Insulative properties of nests relatively inefficient, contributing to energetically expensive incubation (see 308). Among shorebirds nesting on the Taimyr Peninsula, Tulp (201) found that larger species (including Pacific Golden-Plover) insulated nests less effectively than smaller species and offered possible explanations: larger mass produces energetically favorable surface to volume ratio of both bird and its eggs, building simpler nest costs less energy, biparental incubation results in eggs being seldom uncovered, nests often located on drier tundra, excessive insulation may negate camouflage of nest.
Maintenance or Reuse of Nests
Nest cups known to be reused, but how often is uncertain because original “owner/builder” of the cup generally unknown and may not be the bird captured/banded on the nest. On Seward Peninsula reuse has occurred up to at least 10 years after cup first found; nests are readily available for reuse since cup and lining often persist for many seasons (293, 147; P. Bruner, unpublished data, OWJ). Reuse typically involves the male that was initially captured on the nest, sometimes reuse is by a conspecific or by an interspecific as with Pacific Golden-Plover nesting in previous cup of American Golden-Plover. In an instance of the latter, a Pacific Golden-Plover was the fourth known occupant of an American Golden-Plover cup that had already been used twice by initial male captured there, and once by an unmarked conspecific (171).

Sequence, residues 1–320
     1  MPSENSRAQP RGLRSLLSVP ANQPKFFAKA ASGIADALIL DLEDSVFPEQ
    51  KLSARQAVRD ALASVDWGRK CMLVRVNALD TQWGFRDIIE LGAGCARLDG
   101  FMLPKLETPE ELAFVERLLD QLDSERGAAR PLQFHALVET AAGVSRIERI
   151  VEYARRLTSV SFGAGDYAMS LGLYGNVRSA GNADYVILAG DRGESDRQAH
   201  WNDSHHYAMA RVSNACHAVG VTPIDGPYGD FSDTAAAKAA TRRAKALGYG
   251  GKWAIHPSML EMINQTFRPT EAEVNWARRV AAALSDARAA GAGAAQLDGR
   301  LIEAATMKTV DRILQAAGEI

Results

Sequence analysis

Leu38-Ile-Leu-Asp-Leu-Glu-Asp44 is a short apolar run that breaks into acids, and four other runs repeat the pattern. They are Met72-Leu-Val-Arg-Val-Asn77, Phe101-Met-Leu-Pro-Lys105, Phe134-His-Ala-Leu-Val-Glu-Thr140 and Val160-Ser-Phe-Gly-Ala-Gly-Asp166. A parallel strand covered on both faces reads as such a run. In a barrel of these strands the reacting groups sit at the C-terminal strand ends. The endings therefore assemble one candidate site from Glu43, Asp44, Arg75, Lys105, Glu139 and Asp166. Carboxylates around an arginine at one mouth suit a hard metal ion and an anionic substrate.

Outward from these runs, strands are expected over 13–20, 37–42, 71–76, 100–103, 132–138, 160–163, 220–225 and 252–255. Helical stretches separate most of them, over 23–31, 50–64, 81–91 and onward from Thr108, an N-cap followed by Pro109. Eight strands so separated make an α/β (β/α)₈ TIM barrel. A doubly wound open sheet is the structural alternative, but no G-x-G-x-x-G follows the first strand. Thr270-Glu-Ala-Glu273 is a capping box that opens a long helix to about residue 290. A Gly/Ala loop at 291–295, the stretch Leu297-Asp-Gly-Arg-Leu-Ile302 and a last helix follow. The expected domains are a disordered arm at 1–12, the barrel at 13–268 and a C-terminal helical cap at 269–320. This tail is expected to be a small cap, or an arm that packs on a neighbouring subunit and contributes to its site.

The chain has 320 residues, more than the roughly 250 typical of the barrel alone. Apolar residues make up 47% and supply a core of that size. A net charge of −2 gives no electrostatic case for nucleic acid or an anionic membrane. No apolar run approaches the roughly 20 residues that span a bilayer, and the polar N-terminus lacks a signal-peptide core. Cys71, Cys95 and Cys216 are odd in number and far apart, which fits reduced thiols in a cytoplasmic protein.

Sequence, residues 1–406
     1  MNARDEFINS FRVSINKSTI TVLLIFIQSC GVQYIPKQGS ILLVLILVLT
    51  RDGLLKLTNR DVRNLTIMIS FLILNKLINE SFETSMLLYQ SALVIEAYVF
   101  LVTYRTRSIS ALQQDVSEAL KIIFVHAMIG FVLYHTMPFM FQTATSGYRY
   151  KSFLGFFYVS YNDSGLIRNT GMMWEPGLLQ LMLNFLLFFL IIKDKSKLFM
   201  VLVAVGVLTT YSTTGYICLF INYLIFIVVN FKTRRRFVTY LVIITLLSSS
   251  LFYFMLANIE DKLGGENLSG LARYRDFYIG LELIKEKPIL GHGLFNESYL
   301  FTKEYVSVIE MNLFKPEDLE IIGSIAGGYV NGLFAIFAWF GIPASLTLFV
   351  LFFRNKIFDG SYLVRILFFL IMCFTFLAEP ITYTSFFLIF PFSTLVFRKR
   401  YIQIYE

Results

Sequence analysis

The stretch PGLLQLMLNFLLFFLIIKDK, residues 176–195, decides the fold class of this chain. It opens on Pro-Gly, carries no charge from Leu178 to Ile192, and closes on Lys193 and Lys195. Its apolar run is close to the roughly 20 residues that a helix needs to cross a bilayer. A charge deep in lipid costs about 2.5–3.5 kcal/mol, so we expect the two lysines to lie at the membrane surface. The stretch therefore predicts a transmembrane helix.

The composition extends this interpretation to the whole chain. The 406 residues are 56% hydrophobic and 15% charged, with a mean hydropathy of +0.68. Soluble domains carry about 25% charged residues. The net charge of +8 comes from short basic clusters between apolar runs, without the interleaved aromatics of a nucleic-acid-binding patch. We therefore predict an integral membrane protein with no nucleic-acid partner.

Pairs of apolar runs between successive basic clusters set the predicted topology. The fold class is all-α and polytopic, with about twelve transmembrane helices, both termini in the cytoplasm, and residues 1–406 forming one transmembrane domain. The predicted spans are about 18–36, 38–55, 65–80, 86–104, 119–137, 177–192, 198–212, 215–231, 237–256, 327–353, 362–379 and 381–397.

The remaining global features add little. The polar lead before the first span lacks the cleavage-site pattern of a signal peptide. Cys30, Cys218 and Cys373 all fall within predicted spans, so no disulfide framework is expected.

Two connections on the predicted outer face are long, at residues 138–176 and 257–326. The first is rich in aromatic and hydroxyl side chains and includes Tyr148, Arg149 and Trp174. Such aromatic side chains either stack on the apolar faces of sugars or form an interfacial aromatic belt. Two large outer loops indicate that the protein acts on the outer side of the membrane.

Extra scrapes may be constructed by male during pair-bonding, but apparently only the final nest is lined.
Ovate pyriform. Narrow ends of 4 eggs fit together snugly in center of nest, creating minimum brooding area for incubating bird.
Essentially the same in both Pacific Golden-Plover and American Golden-Plover; representative size measurements shown in Table 1. Size ranges 44.3–53.2 mm x 31–35.7 mm. For Pacific Golden-Plover, mean egg volume is 23.1 ml ± 1.4 SD, n = 36 eggs (37) and 25.7 ml ± 1.5 SD, n = 277 eggs (170; I. Tulp, personal communication).
Egg mass about 25–29 g at laying (309, OWJ), declining to about 18–23 g near hatching (69; OWJ; P. Bruner and A. Bruner, personal communication). Mass of a freshly laid clutch (100+ g) is about equivalent to the fat-free weight of a female (18).
Color and Surface Texture
Similar in both Pacific and American golden-plovers, probably not distinguishable. Smooth and slightly to moderately glossy (310, OWJ). Ground colors vary from whitish to buff, cinnamon buff, creamy buff, greenish buff, and ivory yellow; heavily marked (especially near large end) with irregular splotches and spots of dark brown and black, also a few underlying spots of gray (42, 279, 47, 310, 311). On Seward Peninsula, ground color is typically greenish buff, predominant markings dark brown (OWJ). Whether ground colors of Pacific Golden-Plover “average paler” than those of American Golden-Plover (42) remains uncertain. Intensity and pattern of markings vary both within and among clutches (OWJ).